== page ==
Robots and Condoms

No, this isn’t some perverse fantasy of mine, in case you were wondering if I’d gone off my rocker. It’s just that the two of them – robots and condoms – go perfectly together if you put them in the context of South African governance. Bear with me and I’ll tell you why.

I came across and article in the New York Times the other day about a mass recall of condoms issued by the ANC during their recent 100-year celebrations because some of them had been found to be faulty. 1.35 million to be exact.

In a country where AIDS has disrupted so many families this is no laughing matter, but all I could think of when I was reading this (after briefly trying to envision the logistics of handing out 1.35 million condoms) was this: Why expect condoms to work if traffic lights don’t? So people can go and practice safe sex just to get killed afterwards on a road that is anything but safe?

It’s the beginning of February and the year is about five weeks old. For at least three out of those five weeks, one or several of the traffic lights – called robots in South African lingo – on the short stretch of William Nicol between us and the highway were out of commission. The one at Fourways Crossing came on briefly for a half day about mid-January, then was out again. There is a robot on Witkoppen that hasn’t been working for three months.

A typical South African road scene, with robot out in the background.

To understand what this means for safety, you have to know that when a robot breaks down here, no one comes to direct traffic. Or at least only rarely. There you will find yourself at a 6-way highway interchange, trying to figure out in which order everyone is moving to see when it might be your turn. Often you only get across by making a bold move, pursued by furious honking. I have to say, I’m actually impressed by how well this lawless mess usually works out, but it’s still no way for a country that boasts the largest and most modern economy of an entire continent.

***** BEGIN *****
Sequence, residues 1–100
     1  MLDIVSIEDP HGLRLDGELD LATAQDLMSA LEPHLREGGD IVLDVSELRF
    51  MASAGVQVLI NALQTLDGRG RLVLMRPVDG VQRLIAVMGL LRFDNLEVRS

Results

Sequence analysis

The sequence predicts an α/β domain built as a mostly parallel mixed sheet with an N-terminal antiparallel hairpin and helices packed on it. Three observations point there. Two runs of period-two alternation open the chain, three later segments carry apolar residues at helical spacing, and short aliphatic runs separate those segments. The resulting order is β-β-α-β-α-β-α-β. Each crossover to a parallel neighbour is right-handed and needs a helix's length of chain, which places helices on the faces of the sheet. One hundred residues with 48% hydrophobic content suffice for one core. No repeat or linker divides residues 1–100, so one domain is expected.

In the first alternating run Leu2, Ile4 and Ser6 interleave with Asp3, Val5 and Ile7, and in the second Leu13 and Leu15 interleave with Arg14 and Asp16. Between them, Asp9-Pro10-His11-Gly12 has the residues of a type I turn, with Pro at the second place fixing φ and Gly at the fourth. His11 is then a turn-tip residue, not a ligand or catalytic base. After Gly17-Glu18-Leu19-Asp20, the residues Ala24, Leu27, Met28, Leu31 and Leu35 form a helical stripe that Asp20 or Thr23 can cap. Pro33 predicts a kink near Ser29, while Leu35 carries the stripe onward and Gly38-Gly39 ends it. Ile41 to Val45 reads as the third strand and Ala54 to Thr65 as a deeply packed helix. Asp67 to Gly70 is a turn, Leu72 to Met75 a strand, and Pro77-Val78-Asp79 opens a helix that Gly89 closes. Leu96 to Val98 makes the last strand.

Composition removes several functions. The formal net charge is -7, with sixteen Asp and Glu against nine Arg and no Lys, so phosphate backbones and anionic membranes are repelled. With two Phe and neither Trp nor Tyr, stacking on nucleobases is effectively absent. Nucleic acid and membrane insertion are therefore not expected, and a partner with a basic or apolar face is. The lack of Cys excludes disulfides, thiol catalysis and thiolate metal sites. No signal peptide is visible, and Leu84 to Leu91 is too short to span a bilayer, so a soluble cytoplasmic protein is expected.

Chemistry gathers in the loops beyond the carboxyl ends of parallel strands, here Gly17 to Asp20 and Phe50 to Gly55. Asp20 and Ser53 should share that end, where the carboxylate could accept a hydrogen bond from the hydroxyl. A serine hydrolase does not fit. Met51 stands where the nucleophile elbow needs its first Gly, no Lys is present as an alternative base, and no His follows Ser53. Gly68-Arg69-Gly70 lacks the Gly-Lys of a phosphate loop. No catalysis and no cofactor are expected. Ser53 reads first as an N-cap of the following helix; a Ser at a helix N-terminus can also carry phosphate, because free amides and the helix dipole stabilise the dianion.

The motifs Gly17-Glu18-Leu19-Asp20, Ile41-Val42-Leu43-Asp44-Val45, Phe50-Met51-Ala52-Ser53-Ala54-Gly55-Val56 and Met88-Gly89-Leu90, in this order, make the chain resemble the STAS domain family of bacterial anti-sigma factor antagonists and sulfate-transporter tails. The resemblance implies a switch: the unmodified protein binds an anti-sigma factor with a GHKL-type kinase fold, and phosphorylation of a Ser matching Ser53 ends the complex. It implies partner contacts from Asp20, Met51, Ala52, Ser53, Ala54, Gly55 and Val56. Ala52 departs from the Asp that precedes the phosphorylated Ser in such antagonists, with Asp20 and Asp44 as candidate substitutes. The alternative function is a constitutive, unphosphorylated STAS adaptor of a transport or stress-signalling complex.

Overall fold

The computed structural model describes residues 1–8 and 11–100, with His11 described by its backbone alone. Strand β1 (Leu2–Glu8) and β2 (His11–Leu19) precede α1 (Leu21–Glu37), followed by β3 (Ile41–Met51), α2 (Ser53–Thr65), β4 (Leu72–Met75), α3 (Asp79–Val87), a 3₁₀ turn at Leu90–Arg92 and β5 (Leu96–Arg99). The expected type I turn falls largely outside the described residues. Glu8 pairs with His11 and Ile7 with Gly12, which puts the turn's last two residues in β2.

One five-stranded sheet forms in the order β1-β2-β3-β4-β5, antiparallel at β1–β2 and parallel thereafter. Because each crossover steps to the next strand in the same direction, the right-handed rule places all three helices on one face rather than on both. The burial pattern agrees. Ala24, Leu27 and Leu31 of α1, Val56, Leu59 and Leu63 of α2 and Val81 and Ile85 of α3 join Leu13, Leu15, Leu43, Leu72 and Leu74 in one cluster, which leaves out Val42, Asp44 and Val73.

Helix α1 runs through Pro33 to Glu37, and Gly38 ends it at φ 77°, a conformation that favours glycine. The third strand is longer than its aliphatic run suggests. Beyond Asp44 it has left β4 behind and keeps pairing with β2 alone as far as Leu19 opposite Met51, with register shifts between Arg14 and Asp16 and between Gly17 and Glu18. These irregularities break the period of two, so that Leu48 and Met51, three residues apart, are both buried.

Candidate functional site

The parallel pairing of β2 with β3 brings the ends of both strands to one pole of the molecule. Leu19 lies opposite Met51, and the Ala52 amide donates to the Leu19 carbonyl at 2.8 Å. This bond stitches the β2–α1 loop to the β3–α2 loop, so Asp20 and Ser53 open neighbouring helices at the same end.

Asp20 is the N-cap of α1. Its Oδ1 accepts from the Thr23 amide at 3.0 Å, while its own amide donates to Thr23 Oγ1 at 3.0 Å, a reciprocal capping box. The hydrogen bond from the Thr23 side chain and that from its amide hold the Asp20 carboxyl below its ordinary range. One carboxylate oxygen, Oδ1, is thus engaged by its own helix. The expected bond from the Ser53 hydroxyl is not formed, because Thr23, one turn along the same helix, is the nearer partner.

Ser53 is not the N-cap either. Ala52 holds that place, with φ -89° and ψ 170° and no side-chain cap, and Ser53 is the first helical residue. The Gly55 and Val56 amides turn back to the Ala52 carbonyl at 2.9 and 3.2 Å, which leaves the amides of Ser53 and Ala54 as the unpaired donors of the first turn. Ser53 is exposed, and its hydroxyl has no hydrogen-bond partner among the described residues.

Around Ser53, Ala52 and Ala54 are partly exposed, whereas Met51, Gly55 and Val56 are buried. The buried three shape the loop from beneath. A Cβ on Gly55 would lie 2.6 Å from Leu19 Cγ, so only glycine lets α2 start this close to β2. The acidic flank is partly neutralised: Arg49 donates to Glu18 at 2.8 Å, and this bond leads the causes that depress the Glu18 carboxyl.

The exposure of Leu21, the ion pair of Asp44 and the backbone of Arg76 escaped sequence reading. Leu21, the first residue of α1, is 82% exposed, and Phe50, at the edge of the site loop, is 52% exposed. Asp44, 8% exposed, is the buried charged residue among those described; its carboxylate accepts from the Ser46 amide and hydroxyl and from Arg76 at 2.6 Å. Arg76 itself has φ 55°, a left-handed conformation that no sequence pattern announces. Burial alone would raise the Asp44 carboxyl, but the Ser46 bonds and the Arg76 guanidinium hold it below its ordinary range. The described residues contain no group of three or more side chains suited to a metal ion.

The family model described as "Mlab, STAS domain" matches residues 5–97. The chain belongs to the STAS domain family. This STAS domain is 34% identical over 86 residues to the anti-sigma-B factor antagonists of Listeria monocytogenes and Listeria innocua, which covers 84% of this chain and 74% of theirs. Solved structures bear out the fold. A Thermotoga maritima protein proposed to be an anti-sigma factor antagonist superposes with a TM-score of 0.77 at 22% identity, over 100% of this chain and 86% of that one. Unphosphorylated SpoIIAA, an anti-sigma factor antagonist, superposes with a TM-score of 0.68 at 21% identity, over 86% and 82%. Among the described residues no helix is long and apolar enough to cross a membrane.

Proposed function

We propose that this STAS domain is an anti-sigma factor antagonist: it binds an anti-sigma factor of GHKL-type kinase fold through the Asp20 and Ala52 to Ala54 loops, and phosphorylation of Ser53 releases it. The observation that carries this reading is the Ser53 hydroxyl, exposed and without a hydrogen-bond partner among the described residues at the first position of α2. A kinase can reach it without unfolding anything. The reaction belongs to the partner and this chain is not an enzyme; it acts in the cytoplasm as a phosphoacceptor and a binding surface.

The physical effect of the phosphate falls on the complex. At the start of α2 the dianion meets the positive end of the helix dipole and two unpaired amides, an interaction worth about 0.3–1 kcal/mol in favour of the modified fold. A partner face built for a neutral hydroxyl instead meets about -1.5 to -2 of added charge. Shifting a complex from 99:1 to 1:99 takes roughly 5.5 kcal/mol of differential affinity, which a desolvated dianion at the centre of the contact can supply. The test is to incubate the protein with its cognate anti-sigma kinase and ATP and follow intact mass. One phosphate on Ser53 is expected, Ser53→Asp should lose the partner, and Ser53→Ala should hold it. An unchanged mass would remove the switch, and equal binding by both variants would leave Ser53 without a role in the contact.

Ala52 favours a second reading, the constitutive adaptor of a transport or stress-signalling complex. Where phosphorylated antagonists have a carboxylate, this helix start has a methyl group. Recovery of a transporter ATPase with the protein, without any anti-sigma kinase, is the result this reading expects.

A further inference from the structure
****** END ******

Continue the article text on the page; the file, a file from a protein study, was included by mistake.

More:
No one really seems to know why the robots break so much more often than elsewhere. ¬†There is definitely a correlation with rain. Leaky robots? Just like leaky condoms, right? Or perhaps it’s the lightening typically coming with the rain here in Joburg. Some say it’s the cables being stolen, which would also explain why the robots hardly ever even blink red, as they should when malfunctioning. Another theory is that robots run on SIM cards instead of being hard wired, and that those are stolen to be used for phone banking transactions.

Whatever the reason, Joburg’s dead robots are a huge annoyance most of the time, bringing already slow traffic during rush-hour to a complete standstill, but they also pose a danger. At night you simply miss them altogether, and sometimes they are only half malfunctioning, with one side showing green while the other is out. If you recall, I’ve written THAT story and how it ended already. If you’re an expat worried about moving to South Africa because of its crime rate, think again. The real danger here are traffic accidents, not muggings or break-ins.

South Africa seems to have a quality problem. Whether it is ensuring that there is a system in place whereby robots are monitored and maintained around the clock or making sure condoms don’t rip, somebody is not doing their job. In the case of robots, their breaking down is one thing, but the inability (or frankly unwillingness) of city officials to implement a quick response system is another.

In a country with one of the highest road accident rates, you would think that more effort on the government’s behalf would be spent on ensuring working robots at all times, and dispatching traffic cops ASAP – after all, there are bazillions of them running radar traps, so why not just move the guy sitting under the bridge with his radar gun to the next intersection? – if one is reported broken. Yes, I suppose you can put this in perspective by looking at other countries that are even worse off. Traffic in India seems to be completely lawless from what I’ve heard, and someone told me in Zimbabwe they steal the colored covers of traffic lights, so that you can’t distinguish green from yellow and red.

But this is South Africa. A name that should evoke pride among its people and envy in its neighbors. Lately, the emotion I’ve mostly had about South Africa is shame.

And im sure those unfortunate men who found themselves looking at a ripped condom were harboring feelings of an entirely different magnitude.

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